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Successful marketers know the difference between brand and position
by Rob Gelphman 02/03

Often what goes wrong with marketing campaigns bent on creating a brand is the underlying strategy. When it fails, those responsible for execution-such as PR and advertising people- are blamed. Perhaps, the execution itself isn't the problem, but rather it's the strategy being executed that's flawed. The disconnect is that too many VPs of marketing and their product managers pursue a branding campaign when it is positioning that is required. Compounding the problem is that many folks don't know the difference between the two.

Brand creation is expensive, time consuming, and is primarily intended to generate an emotional response from the intended audience. Commodity-type products with minimal differentiation among competing offerings are generally best served via branding.

Positioning, it could be argued, is brand’s counterpart, requiring the demonstration of real value. Positioning can be done in a much shorter time frame (months, not years), and is significantly less expensive. For many industries and companies, positioning is the best strategy for improving sales and market share, not branding. Besides the cost and time factors, branding is difficult to measure and does not always show up in the form of sales.

Another way to look at the two is such: Think of brand as being similar to ubiquity where everyone knows you. And think of positioning as being similar to value where everyone wants you. So before creating brand, establish position. Consider positioning as that desirable place in the customer's mind where he not only recognizes the product, but can also recite its attributes. Effective positioning makes the customer a part of the unpaid sales team.

Inherent in any successful positioning exercise is the continuous assessment and analysis of targeted customers. For many hi-tech companies, the customer is an engineer, a network administrator, or at least someone proficient in computers and technology. To them, brand is irrelevant, while value, articulated through positioning, is paramount. These folks require information on how to use the product and why it best serves their purposes.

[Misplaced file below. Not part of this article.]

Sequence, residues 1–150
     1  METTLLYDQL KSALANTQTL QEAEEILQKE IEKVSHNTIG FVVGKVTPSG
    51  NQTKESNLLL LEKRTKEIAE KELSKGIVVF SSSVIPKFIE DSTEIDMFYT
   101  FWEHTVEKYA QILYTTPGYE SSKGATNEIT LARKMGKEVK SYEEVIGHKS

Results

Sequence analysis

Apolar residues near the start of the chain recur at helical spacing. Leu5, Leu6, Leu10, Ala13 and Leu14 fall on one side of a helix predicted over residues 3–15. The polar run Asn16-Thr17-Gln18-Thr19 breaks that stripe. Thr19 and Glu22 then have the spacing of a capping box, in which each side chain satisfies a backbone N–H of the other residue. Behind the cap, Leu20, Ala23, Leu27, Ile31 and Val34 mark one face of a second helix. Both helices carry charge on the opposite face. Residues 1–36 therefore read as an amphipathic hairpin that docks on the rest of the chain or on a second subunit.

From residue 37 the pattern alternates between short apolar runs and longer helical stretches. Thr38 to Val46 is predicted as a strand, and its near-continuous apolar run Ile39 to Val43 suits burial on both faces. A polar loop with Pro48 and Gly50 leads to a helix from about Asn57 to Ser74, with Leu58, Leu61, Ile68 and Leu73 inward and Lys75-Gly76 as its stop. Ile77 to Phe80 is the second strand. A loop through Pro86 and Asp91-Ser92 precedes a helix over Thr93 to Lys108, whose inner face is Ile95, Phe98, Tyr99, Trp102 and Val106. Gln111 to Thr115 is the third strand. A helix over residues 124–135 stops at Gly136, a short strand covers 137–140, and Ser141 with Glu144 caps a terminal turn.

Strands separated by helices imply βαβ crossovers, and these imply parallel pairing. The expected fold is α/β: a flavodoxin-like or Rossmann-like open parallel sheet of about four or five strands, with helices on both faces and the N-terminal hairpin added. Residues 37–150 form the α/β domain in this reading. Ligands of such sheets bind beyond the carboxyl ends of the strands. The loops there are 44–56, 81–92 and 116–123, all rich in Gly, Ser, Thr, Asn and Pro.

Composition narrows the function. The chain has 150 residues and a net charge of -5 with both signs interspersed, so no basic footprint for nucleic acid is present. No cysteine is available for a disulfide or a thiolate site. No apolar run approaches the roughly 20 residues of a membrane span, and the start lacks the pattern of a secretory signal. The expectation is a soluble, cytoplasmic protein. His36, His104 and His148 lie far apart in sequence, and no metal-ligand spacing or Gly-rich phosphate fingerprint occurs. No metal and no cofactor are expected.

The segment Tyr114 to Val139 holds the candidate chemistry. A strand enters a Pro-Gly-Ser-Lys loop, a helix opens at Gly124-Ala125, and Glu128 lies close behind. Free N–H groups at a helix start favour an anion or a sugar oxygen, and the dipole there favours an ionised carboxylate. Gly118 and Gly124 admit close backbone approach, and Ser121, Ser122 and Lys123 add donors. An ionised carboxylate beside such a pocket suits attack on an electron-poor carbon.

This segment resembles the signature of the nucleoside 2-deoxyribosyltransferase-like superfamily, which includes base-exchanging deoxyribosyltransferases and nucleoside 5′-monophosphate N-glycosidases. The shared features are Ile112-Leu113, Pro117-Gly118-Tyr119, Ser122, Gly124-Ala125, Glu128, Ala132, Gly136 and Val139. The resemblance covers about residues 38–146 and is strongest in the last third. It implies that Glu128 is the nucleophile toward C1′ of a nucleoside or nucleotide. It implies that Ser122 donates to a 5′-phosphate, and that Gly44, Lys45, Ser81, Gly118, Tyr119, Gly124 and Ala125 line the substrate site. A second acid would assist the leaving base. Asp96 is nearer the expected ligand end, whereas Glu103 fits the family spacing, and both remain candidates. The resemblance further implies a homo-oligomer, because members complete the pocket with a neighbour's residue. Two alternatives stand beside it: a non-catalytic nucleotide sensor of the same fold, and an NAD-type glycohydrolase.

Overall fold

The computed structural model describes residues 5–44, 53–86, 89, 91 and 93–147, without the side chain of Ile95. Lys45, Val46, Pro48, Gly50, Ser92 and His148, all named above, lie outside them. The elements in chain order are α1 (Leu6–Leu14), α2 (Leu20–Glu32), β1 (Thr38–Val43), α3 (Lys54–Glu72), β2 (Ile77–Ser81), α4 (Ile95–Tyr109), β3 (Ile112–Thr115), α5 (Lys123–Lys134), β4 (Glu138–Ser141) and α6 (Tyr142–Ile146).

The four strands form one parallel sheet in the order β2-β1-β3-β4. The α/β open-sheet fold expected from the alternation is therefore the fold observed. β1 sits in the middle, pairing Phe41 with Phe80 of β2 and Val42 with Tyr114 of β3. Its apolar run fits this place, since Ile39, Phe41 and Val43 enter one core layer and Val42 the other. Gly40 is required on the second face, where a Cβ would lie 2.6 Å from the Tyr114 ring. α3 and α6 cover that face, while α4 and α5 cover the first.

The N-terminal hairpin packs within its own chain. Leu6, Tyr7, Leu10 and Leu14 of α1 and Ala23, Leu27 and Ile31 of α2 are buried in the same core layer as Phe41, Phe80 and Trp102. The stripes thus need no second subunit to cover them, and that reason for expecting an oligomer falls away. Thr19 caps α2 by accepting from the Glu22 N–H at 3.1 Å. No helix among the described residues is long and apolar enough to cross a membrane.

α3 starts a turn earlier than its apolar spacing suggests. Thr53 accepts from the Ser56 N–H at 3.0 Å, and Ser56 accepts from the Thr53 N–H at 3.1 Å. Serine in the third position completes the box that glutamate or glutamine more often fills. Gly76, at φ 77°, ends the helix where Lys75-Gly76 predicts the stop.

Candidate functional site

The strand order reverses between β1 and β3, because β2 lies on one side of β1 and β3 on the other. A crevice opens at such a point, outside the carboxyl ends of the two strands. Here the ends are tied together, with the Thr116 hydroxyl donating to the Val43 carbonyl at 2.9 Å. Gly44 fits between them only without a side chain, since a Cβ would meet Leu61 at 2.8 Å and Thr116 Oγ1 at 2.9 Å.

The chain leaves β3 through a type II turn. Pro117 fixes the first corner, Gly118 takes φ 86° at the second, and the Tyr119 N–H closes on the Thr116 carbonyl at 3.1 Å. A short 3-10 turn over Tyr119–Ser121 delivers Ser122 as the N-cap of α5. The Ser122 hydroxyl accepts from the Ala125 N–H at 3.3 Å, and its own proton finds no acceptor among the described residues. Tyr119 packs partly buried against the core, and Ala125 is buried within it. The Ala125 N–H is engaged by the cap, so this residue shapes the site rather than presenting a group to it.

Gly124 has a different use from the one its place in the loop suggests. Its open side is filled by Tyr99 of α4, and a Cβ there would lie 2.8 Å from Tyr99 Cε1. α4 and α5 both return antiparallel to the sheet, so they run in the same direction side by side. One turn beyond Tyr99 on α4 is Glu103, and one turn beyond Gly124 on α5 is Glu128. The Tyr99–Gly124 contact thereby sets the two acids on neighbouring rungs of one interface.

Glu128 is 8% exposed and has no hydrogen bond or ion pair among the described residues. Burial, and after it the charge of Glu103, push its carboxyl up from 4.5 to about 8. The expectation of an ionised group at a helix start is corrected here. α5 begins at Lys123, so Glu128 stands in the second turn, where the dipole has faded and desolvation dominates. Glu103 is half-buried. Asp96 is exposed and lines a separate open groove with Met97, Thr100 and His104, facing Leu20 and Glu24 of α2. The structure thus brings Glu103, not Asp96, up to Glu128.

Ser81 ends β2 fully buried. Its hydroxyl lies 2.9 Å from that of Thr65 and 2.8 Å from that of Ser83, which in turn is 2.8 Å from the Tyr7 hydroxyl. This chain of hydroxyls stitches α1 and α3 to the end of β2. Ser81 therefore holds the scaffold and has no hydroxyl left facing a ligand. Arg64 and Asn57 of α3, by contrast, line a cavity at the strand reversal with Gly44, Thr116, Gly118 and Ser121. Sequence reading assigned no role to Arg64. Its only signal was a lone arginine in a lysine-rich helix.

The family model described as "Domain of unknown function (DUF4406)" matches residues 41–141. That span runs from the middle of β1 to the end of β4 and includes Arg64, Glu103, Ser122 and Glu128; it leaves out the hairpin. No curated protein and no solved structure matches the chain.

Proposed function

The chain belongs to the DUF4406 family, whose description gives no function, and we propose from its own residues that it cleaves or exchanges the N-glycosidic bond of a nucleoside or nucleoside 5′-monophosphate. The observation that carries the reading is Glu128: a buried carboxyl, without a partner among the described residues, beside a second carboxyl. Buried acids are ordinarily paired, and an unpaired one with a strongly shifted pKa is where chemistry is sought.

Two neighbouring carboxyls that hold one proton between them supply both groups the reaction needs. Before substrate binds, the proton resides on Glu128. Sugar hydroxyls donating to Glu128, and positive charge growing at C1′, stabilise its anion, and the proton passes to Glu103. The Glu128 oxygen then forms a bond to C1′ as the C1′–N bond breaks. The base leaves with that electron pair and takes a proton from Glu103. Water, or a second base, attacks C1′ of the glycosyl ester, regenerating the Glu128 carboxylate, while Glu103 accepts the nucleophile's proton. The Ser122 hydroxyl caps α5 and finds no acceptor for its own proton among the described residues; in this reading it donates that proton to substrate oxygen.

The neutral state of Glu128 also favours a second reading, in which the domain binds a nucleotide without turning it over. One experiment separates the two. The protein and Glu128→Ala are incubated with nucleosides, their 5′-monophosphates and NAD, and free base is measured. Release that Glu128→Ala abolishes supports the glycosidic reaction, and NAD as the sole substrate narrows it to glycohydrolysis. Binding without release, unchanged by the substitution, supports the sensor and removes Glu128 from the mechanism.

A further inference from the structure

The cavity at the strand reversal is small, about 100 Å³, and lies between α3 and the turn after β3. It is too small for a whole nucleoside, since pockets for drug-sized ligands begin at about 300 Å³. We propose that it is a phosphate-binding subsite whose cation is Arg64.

This failure to identify key audiences, and thus evolve its position or value proposition, is what contributed to the melt-down at Kmart. The company forgot who its audience was and how it was evolving. If you have kids, you probably know the location of the nearest Target. Wal-Mart, too.

Both Target and Wal-Mart took Kmart's position as a low-cost, commodity goods provider, enhanced it with service and product depth, and left Kmart without a value proposition.

Kmart also made the mistake in thinking that its long-time leadership as a discount retailer translated into a value proposition. Many companies think that leadership is the same as positioning. But leadership and value do not always equate.

In hi-tech, there are only a few leaders - Sun Microsystems in workstations, Oracle in database software, Microsoft in desktop software, and Intel in microprocessors, to name some of the most prominent. Revenues and market share support their claims to leadership. Most importantly, their customers consider them leaders. While these companies probably do have brand in their respective markets, their position is well recognized and understood.

This leadership-as-positioning thinking plagues many start-ups. By definition, a company cannot be new and a leader at the same time. It is an oxy-moron. In addition, claiming leadership too early in the game removes you from leveraging a key competitive advantage, which is basically criticism of, and positioning against, the leader. When new to a market space, the strategy is to attack the leader by demonstrating significant advantage and value. This forces the established company to acknowledge the new entrant as a player, providing instant credibility, and position.

The key to a successful marketing campaign is to demonstrate value. This is best done through positioning, and is equally true in good economic times and bad.

Positioning is dynamic and fluid. Yesterday's unique position is today's commodity provider. Useful positioning should describe what the company is and what it wants to be.

So remember: brand is nice, but positioning is better.

Rob Gelphman
Gelphman Associates